School autonomy has been and continues to be one of the most important education reform strategies around the world despite ambiguity about its theoretical and empirical effects on students learning. We use international data from PISA to test three country-level factors that might account for inconsistent results in prior literature: (1) the selective implementation of school autonomy based on school performance; (2) differential influence on high-risk subgroups; and (3) the presence of accountability policies to prevent opportunism by autonomous schools. We find that the relationship between autonomy and student test performance varies both across countries and within countries across subgroups in both magnitude and direction. Similar results are observed if decentralization is coupled with accountability policies. All of three tested factors influence country-level associations between school decentralization and student learning, which suggests that autonomy is effective only when contextual factors and other policies are aligned.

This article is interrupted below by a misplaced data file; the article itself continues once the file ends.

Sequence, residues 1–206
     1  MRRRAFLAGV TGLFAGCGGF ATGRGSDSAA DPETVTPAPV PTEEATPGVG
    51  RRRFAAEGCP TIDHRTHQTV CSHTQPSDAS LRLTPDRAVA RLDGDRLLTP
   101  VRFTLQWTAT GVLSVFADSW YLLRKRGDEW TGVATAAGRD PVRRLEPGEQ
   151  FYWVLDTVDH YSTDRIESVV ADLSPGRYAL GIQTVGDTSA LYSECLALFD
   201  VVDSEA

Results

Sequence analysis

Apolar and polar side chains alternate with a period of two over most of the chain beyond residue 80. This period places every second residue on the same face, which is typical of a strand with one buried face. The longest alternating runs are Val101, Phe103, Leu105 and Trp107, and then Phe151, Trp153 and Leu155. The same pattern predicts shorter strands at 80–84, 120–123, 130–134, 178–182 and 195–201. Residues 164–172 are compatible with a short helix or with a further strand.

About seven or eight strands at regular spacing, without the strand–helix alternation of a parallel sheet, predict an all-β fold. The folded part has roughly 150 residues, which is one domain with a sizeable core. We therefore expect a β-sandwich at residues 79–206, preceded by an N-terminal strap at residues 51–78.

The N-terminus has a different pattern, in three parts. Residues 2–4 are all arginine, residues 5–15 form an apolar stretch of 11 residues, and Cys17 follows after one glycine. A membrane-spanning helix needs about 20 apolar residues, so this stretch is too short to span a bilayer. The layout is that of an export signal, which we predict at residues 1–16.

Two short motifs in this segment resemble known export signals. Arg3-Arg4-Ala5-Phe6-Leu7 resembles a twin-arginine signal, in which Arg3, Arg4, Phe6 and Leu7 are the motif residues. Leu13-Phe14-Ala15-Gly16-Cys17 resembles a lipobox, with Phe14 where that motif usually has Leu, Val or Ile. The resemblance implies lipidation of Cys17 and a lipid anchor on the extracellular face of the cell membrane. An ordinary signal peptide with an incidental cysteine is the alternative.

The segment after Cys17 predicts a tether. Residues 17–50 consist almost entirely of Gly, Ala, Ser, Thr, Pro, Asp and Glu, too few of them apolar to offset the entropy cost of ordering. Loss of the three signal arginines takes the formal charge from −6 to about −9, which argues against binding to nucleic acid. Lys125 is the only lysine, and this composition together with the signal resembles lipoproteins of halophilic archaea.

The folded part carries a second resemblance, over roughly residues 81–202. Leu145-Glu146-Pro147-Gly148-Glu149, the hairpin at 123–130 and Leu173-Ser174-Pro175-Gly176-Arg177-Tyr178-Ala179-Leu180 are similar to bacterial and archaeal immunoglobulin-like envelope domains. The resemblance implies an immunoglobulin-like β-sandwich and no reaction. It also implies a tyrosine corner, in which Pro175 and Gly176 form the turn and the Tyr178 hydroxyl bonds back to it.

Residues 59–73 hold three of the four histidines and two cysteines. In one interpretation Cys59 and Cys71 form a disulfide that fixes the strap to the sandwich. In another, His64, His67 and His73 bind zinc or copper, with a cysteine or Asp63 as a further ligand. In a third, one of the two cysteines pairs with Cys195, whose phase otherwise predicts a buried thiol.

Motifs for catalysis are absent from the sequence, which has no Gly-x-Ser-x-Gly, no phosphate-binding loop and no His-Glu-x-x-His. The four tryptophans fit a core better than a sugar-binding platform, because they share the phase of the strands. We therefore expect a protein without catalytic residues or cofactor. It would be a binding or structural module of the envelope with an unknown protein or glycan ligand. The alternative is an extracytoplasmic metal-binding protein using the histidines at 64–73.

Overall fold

A recent literature provides new evidence that school resources are important for student outcomes. In this paper, we show that school finance reform-induced increases in student performance are driven by those states that had test-based accountability policies in place at the time. By incentivizing school improvement, accountability systems (such as the federal No Child Left Behind act) may raise the efficiency with which additional school funding gets spent. Our empirical approach leverages the timing of school finance reforms to compare funding impacts on student test scores between states that had accountability in place at the time of the reform with states that did not. The results indicate that finance reforms are three times more productive in low-income school districts when also accompanied by test-based accountability. These findings shed new light on the role of accountability incentives in education production and the mechanisms supporting the effectiveness of school resources.